Wednesday, June 27, 2018

Aka Pygmy clave

This is just a brief investigation of an interesting rhythm, a sort of clave rhythm clapped by the lead performer in the video below— a candid video of three Aka Pygmy people performing a polyphonic tribal song.

I know very little hard theory on African music, but I know that applying a Western music theory concept of meter to it is a very slippery prospect, and is basically guaranteed to be a distortion of what's actually going on. The rhythm and meter as I've transcribed them are functionally accurate, but the placement of “the barline”, and even the primary beat is questionable. If the performers conceive of a downbeat (that's the 1) as we understand it, it's often buried— not unlike with clave-based music, where the strongest note is the & of 2 of one measure, and the 1 at the beginning of the rhythm is relatively de-emphasized. This music seems to be inherently syncopated, and it's possible that the primary beat is not even being stated— the beat as you and I feel it may be the middle note or last note of a triplet to the performers. I suspect that the performers may be perceiving the beat as a compound pulse, or pulse matrix, rather than the simple pulse used in Western music. At any rate, we trust at our peril our own first instinct about what we're hearing.

I think it's best to avoid looking for the one definitive answer of “what it is”— that may not be knowable by anyone not living this culture— and take more of a matrix approach; figuring out the obvious-to-us version, then running that through inversions, with different barline placements (while remembering that barline is an extremely foreign concept here). It's a technical process, but it's all we can do as people not raised in that culture. Just trying to “feel it” without any of the cultural learning that went into it will not work on any level.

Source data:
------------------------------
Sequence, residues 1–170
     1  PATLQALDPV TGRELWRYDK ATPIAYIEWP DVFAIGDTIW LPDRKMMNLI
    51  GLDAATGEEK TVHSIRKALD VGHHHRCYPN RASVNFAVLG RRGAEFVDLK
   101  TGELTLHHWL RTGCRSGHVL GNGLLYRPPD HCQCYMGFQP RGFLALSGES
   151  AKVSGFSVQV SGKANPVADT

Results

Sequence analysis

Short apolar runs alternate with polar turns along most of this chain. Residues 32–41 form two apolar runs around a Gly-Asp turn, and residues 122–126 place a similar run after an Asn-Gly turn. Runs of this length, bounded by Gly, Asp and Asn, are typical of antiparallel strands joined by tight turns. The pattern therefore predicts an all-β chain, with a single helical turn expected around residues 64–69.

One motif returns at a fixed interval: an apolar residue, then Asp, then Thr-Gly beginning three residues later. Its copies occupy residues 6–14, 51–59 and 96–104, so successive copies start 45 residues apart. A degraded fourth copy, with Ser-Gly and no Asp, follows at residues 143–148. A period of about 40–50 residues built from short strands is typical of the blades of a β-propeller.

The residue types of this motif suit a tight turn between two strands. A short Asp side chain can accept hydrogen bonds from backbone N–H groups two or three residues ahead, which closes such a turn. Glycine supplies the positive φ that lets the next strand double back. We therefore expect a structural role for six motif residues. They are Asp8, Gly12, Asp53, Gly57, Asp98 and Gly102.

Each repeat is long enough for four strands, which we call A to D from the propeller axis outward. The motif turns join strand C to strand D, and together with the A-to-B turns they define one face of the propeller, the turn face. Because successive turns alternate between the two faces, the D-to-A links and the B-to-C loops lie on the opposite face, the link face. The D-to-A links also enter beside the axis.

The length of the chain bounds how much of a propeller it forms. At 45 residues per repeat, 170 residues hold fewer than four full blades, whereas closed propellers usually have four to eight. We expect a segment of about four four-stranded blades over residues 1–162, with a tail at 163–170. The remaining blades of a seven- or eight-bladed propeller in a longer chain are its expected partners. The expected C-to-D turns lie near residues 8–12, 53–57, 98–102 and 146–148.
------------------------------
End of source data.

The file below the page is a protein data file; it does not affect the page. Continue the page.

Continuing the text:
The rhythm has groupings of seven notes and four notes. The seven note group is the primary group, and the four note group the response. If we put the seven note group at the beginning, we get this:

I initially felt the seven note group as crossing “the 1”, like this:

The remaining examples will be written both of those ways— with the seven note group placed at the front, and with it crossing the bar line.

This inversion is attractive to me— favoring the middle note of the triplet is an African “thing”:

Here is the version crossing the barline:

This inversion may be closest to what is happening in the video. The secondary performers are tapping their feet approximately this way— a little after the beat as written in our first version.

Crossing the barline:

At the beginning the leader sets up the groove this way (or with some inversion of it), which appears to support the first, easy, nursery school version of the rhythm, until we remember that African musicians will often not start on the 1.

I recommend clapping all of these patterns while playing the bottom line part with both feet in unison. I'll post a few possibilities for exploring this rhythm in a few days.

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1 comment:

Anonymous said...

Relating the clapping to the singing, it's hard for me to hear it in ways other than the last note of the grouping of 4 landing on beat 2 (in 8/4 time). Similar to how you notated your initial interpretation, except starting on beat 5 of that 8/4 measure.